best 5th wheels for long term use

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gbono2

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May 29, 2006
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Hi

I'm new to this site & the world of RV.  I travel the US doing contract engineering work.  The contracts last from from 3-6 at a time.  I'm thinking about a 5th wheel & a Dodge 2500 w/a Cummins diesel.  What brands of 5th wheels are best for this type of living?


Thanks
 

Carl L

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You are talking about what is called full-timing.? ?There are number of folks here that do that, and will likely chime in.

Pending that, you are not talking brand as much as you are talking models within brands.? ?A full-timer's trailer is going to be the higher end of a manufacturer's line for any given length.? ?You will want to have durable furnishings and fittings.? The lightness and cheapness of a vacation trailer's stuff will go to pieces under continuous living.? ?You will need more storage than a vacation unit also.?

You seem to be in the market for a trailer and a tow vehicle simultaneously.? ?I would recommend settling on the trailer you want first and then on the tow vehicle to pull that weight of trailer.? ? Use the Trailer Life tow rating tables (see www.trailerlife.com and go to the Tech section).    If you plan to use the trailer east of the Mississippi, reduce the tow rating by 10% to give you a bit of safety factor.  If you plan to tow in the mountain west, including the Pacific Coast make that reduction 15-20%.  Do note that tow ratings are a matter of engine, transmission, and, especially brakes.  You are not just choosing a stiff suspension, you are choosing a balanced and safe package.
 

Steve CDN

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The best built and sturdiest fifth wheels in my opinion are Teton.  These can be customized for your particular needs, including heavier duty suspension for fulltiming.

Tetons are popular with prople working for the circus, for their spaciousness and durability.

Other brands that produce heavier duty fifth wheels are Travel Supreme,  Newmar and Peterson Industries.

Carls point about selecting the tow vehicle to match the trailer is very important, because if you decide on something like a 43 foot Teton, you would need a heavy duty tractor.
 

Gary RV_Wizard

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Generally you want to look at the mid and upper price range products, to get the durability you need for full time use. "Vacation" class rigs simply don't hold up.  Weight is another indicator - models designated as "light weight" often sacrifice quality of materials and strength/rigidity of the frame to reduce weight.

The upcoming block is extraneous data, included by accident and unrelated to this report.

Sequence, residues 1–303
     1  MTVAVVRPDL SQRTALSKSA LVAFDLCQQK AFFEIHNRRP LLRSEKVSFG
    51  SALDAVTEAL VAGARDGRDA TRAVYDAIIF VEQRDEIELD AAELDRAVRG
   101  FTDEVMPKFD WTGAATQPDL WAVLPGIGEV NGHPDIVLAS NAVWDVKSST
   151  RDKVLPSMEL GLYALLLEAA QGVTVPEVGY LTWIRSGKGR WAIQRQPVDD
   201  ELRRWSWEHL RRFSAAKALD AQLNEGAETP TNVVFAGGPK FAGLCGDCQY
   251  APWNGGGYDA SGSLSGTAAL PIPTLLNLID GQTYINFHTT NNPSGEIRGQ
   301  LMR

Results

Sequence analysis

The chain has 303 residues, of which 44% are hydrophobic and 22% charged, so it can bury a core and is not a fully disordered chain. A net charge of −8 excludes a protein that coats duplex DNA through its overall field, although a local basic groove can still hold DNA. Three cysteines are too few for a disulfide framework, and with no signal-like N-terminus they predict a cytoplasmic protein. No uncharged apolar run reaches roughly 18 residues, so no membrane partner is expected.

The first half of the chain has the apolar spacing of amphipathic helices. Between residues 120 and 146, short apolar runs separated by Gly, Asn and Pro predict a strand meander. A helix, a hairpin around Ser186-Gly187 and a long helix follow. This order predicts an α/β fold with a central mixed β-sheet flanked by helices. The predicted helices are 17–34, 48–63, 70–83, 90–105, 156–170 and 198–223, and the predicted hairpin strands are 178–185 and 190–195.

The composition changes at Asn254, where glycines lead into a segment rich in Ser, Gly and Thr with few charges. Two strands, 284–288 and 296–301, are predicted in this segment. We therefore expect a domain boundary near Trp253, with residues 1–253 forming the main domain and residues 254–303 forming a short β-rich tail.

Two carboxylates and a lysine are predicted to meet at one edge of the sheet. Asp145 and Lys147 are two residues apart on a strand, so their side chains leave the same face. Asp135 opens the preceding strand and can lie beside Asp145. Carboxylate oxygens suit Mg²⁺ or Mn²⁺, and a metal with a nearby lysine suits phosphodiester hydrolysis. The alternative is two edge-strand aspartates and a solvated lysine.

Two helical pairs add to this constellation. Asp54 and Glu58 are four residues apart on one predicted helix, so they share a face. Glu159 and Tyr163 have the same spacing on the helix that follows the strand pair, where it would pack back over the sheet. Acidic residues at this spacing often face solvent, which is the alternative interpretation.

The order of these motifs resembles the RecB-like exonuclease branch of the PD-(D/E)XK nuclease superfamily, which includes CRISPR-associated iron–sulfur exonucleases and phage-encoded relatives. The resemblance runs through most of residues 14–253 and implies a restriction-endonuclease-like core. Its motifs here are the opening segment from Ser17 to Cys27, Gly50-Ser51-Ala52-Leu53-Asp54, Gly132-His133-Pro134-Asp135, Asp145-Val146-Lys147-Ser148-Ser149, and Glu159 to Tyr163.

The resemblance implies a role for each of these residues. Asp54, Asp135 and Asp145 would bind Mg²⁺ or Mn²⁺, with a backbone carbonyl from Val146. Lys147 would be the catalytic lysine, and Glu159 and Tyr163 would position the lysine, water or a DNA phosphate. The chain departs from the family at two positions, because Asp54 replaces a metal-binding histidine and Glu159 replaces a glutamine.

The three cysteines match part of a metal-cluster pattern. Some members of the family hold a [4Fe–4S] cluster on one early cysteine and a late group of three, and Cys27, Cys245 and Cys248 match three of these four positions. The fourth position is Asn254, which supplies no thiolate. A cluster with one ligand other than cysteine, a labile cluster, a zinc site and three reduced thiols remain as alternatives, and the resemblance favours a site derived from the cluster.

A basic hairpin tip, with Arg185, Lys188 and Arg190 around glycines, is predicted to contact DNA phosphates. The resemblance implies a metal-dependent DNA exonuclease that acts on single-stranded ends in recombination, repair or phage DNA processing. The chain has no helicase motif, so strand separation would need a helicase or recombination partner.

Tetons are about the top of the line in quality, though there are other brands that may equal or exceed them in amenities. They are also quite expensive and heavy.  Other brands I would consider are (in no special order):

Holiday Rambler Presidential
New Horizons (these are custom tailored to your wants/needs)
Carriage & Carri-lite
Alpinelite
Newmar Torrey Pines
Collins
Nu-Wa Hitchiker & Snowbird
Alfa

Some mid range brands that are popular and seem to hold up decently
Sunnybrook
Jayco Legacy
Cardinal
Montana
Cedar Creek
Holiday Rambler Alumuscape
Glendale Titanium
Golden Falcon

This list is by no means all inclusive, but it's a place to stat looking.



 

Alaskansnowbirds

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You've got some excellent advise from Carl, Steve and Gary.

Another thing to keep in mind is what climate will you be staying in. If your job takes you to the northern areas in the winter be sure the trailer you get is equipped to handle the cold. Teton is one manufacture that has a factory installed arctic package that's guaranteed down to well below zero degrees. I'm sure other manufactures do too. I also agree with the others advice to pick out the trailer first then get the tow vehicle to pull it.
 

gbono2

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May 29, 2006
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10
Hey there

Good points to remember.  That's why I posted here 'cause you folks have so much knowledge & practical experience on this subject.

Thanks all & keep the advice coming!!

George
 

Steve CDN

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Tetons are about the top of the line in quality, though there are other brands that may equal or exceed them in amenities.

Gary,

I was doing some research a couple of years ago to look at possible options for when we stop using the MH and want to park a fifth wheel at our Southern home base.

The surprise I got was to discover that Tetons are not necessarily more expensive and might even be less expensive than other top line fifth wheels.  The interior finish and quality of cabinetry I found was much better than the Royals and Newmar comparable models.

If one is looking for that type of fifth wheel, I would encourage anyone to compare and to see actual coaches and not rely on brochures.
 

Gary RV_Wizard

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http://www.dieselnet.com/news/2001/04ddc.php

It would be hard for any rig to be more expensive than  a Royals International.  :D    Them Royals folks are really proud of their product!    Ditto for the Newmar LondonAire.  I'm not surprised that Teton offers equal or better quality for same or less money.
 
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